Five states -- Arizona, Louisiana, Mississippi, West Virginia and Wisconsin -- and the American Gaming Association filed amicus briefs with the United States Supreme Court this week in support of New Jersey's efforts to offer legal sports betting at its casinos and racetracks.
New Jersey, after losing a decision in the U.S. Third Circuit Court of Appeals in August, filed a request to the Supreme Court in October. It's the second time New Jersey has asked the Supreme Court to hear its case against the NCAA and four major professional sports leagues, which sued Gov. Chris Christie in 2012, setting off a legal battle that has lasted more than four years. The leagues have won every step of the way.
The Supreme Court declined to take New Jersey's case in 2014, but the group of states is hoping for a different outcome this time. West Virginia Attorney General Patrick Morrisey took the lead on the amicus brief for the five states, which have concerns over federalism issues and believe the Third Circuit's ruling against New Jersey "fundamentally alters the nature of federal-state relations."
"The concern of the Amici States ... is not what Congress regulates but how it does so," the states wrote in the brief filed Monday.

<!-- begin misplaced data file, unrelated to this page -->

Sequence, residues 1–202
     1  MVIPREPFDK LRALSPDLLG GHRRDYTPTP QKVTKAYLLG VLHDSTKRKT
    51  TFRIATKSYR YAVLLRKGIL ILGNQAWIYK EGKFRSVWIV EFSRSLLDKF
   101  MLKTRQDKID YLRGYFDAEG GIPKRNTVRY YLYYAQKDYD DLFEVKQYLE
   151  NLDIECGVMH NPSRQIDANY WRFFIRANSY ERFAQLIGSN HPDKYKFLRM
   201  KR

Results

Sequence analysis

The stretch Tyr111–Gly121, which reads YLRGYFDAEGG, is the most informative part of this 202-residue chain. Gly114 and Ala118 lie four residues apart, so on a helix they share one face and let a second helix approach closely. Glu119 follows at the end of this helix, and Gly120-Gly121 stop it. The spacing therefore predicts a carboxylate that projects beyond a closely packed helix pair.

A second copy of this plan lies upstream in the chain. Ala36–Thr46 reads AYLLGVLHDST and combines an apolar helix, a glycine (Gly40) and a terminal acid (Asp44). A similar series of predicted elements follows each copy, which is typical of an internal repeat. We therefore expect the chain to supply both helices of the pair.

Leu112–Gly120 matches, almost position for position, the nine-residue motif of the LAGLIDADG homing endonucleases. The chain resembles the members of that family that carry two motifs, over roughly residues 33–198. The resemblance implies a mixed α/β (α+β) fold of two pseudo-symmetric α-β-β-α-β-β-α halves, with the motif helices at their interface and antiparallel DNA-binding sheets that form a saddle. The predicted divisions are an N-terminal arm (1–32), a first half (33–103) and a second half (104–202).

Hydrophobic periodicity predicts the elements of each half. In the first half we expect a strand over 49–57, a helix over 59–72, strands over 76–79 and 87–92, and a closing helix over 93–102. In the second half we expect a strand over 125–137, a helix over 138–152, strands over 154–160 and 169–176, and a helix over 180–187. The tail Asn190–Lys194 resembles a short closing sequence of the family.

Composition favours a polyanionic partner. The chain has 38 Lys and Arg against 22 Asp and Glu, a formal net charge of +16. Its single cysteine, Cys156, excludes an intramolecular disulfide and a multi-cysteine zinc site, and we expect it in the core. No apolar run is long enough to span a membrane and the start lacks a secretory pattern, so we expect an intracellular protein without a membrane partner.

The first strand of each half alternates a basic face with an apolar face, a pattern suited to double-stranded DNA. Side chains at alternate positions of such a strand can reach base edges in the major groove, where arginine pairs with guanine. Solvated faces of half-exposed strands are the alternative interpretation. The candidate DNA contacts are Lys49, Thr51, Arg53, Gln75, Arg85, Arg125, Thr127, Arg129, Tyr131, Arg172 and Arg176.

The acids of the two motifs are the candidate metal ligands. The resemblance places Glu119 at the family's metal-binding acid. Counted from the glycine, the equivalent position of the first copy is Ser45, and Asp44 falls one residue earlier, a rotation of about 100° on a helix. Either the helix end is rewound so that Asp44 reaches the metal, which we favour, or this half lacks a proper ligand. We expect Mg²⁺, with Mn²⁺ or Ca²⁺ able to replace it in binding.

The American Gaming Association, represented by Washington, D.C., law firm Sidley Austin LLP, claims the Professional and Amateur Sports Protection Act of 1992 (PASPA), the federal prohibition of state-sponsored sports betting, is unconstitutional and prevents states from "combatting illegal and organized crime."
"The Third Circuit's decision is not just wrong; it is dangerous because it deprives States of the authority to combat illegal gambling," the AGA wrote in its brief, also filed Monday.
Only a handful of states may offer legal sports betting, with only Nevada being allowed to accept bets on single games and events.
The AGA says the federal laws have helped create a massive black market and estimates that around $150 billion is wagered illegally on sports annually in the U.S.
The AGA has begun forming a coalition and is planning to lobby Congress in 2017 to lift the federal ban on sports betting. AGA president and CEO Geoff Freeman has said President-elect Donald Trump will have sports betting legislation on his desk during his term.
"As President-elect Donald Trump has acknowledged, illegal sports betting is a thriving industry," Freeman said in a statement to ESPN. "The 24-year-old federal ban -- which is breathing life into a $150 billion illegal sports betting market -- threatens the integrity of games, presents fundamental questions about states' sovereignty to define their own laws and combat crime within their borders, and prevents fans from engaging with the sports they enjoy in a safe, legal way. The United States Supreme Court should consider New Jersey's important claims and allow all states to address the serious problems associated with illegal sports betting."
In 1993, Trump told reporters that legalizing sports betting in New Jersey is vital to "putting the bookies out of business."
The Supreme Court's decision whether to take the New Jersey case is expected sometime early in 2017. The Supreme Court accepts only a tiny percentage of cases.
The sports leagues have until Dec. 14 to file their briefs.